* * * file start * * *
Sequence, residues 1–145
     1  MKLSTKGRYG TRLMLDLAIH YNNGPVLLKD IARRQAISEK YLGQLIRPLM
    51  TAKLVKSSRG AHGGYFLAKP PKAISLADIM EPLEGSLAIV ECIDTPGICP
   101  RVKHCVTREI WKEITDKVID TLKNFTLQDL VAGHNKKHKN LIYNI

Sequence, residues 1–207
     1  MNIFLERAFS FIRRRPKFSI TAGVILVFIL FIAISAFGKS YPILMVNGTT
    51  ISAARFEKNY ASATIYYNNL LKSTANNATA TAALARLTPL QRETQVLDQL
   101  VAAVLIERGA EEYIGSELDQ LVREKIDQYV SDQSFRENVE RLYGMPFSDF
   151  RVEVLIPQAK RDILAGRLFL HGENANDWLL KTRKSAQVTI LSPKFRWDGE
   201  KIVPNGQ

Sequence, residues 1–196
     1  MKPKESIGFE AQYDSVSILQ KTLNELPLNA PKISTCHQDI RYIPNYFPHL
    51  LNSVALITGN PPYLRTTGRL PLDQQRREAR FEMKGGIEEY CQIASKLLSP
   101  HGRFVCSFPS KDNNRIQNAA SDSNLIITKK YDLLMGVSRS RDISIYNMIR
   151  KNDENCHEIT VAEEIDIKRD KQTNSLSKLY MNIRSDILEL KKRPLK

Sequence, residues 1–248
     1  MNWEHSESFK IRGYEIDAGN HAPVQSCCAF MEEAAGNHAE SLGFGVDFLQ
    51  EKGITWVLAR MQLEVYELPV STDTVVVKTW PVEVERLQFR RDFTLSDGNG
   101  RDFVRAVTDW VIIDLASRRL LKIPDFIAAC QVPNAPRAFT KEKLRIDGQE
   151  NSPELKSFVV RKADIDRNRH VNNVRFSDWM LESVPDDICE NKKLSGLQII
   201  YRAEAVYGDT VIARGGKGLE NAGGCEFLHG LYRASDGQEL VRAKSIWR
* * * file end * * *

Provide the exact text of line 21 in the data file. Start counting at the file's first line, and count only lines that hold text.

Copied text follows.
   201  YRAEAVYGDT VIARGGKGLE NAGGCEFLHG LYRASDGQEL VRAKSIWR